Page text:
CC recommends: Children’s literature

November 30, 2011

For young adults

Trapped, by Michael Northrop. At first, the snow comes in "small flakes, like grains of sugar." By fourth period every student but Scott Weems is clamoring for a snow day. A sophomore on the Tattawa High varsity basketball team, Weems doesn't want his game debut canceled. But by dinner time, he and his friends are trapped in their school, facing a fierce nor'easter, and scavenging for food and warmth.

Vietnam: I Pledge Allegiance (Book One), by Chris Lynch. Four friends have pledged to do everything together, whether it is waiting to see a movie until Ivan is ungrounded or skipping the Babe Ruth League after Rudi isn't picked. When Rudi is drafted into the Vietnam War, Beck, Ivan, and Morris enlist in separate branches of the military. Through Morris's narration, readers get a vivid, expansive view of the war.

Kick, by Walter Dean Myers and Ross Workman. Celebrated author My­ers teams with a 16-year-old writer to tell, through alternating voices, the story of Kevin, a young soccer player charged with kidnapping and grand larceny. Myers creates a likable Sergeant Brown, Kevin's case officer. Workman's youthfulness is evident in the figure of Kevin, who feigns toughness. Filled with brisk dialogue and intermittent soccer scenes, the novel presents a boy who will sacrifice his personal image to guard a promise.

Okay for Now, by Gary D. Schmidt. In 1968, Doug Swieteck (a character introduced in Schmidt's Newbery Honor book The Wednesday Wars) is forced to move with his troubled family to upstate New York. There, Doug lives in a world marked by Apollo spaceflights, the Vietnam War and the New York Yankees. In a quest that begins at the local library, Doug discovers Audu­bon treasures and a host of charming friends.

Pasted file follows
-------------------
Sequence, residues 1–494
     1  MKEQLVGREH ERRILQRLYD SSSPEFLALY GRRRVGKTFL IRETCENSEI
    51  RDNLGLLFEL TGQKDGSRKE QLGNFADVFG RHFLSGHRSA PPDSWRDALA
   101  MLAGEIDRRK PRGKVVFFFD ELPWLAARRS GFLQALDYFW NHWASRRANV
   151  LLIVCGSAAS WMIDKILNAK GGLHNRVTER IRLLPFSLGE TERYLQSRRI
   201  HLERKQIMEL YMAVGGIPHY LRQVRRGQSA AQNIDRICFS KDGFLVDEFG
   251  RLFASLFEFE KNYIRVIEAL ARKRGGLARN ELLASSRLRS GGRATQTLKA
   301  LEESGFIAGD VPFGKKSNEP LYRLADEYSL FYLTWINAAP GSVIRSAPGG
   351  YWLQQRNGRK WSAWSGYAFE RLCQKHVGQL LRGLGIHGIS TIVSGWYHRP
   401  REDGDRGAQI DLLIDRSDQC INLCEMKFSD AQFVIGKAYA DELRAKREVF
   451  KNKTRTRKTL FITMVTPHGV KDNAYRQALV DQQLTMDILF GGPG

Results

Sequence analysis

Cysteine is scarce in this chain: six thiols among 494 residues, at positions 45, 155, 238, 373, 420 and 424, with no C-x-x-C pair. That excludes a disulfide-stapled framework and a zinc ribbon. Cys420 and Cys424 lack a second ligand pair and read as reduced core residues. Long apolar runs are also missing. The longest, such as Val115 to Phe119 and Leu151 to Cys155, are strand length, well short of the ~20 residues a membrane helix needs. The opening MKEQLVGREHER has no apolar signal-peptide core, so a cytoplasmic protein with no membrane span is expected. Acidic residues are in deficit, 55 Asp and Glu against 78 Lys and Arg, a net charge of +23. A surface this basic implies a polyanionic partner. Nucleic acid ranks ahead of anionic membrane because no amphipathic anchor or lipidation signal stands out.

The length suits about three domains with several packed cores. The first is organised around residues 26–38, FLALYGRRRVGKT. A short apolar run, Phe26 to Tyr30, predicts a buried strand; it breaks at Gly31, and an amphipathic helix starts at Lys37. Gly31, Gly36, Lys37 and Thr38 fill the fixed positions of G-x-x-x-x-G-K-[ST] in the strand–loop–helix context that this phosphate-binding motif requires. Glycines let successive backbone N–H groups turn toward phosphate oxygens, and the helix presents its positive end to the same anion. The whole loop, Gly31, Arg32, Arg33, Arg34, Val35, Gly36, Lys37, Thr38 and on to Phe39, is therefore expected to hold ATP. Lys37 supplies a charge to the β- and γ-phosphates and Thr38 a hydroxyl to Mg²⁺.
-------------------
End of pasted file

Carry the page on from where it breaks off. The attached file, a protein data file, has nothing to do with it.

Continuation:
Revolver, by Marcus Sedgwick. Set in the Arctic Circle in 1899 and 1910, this mystery pits young Sig against a sinister stranger. The hulking man arrives at the family cabin where Sig's father is lying on the table, having died after falling through the ice. A Colt revolver is buried in a nearby storeroom, but Sig is troubled about using it. And the stranger has come seeking not only vengeance but hidden treasure.


Picture books for young children

Oh, What a Christmas! by Michael Garland. When Santa's reins break and his reindeer fly off without him, he and his sleigh fall safely to earth, landing near a snow-covered barn. Presents tumble to the ground as Santa ponders how he will make his deliveries. Then the barn door creaks open, and cows and pigs and goats and sheep step into the magic of Santa's journey.

Neville, by Norton Juster, illustrated by G. Brian Karas. Nobody asked the boy in the family if he wanted to move. They just told him. Now forced to live in a new home in a strange neighborhood, he has no friends. When his mother suggests he might meet someone if he takes a walk around the block, he shuffles out the door—and lands on a plan that begins with a deep breath.

Cedric and the Dragon, by Elizabeth Raum, illustrated by Nina Victor Crittenden. Little Prince Cedric waited nearly two years before he chose to walk. When he was old enough for school, he found math and reading hard to conquer, and dragon-slaying training was less fun than picking flowers for his mum. Cedric was good at something: he was a terrific hugger. But how can a prince who hugs fight fearsome dragons?

Me . . . Jane, by Patrick McDonnell. Jane and her stuffed monkey, Jubilee, live in "a magical world full of joy and wonder." Whether they are climbing beech trees, collecting eggs from the hen house or reading books about Tarzan of the Apes, they dream of living with and helping animals. So no one is surprised when Jane (Goodall) grows up and finds herself in Africa—hugging a real chimpanzee!

A Ball for Daisy, by Chris Raschka. This enchanting wordless book illustrates a sad day for Daisy the Dog after her favorite toy is stolen by another pooch. When the ball is popped and loses its air, Daisy's owner walks her dejected pet home. Inconsolable on her couch, Daisy eventually returns to the scene of the crime where a surprise from another park patron has Daisy rolling along again.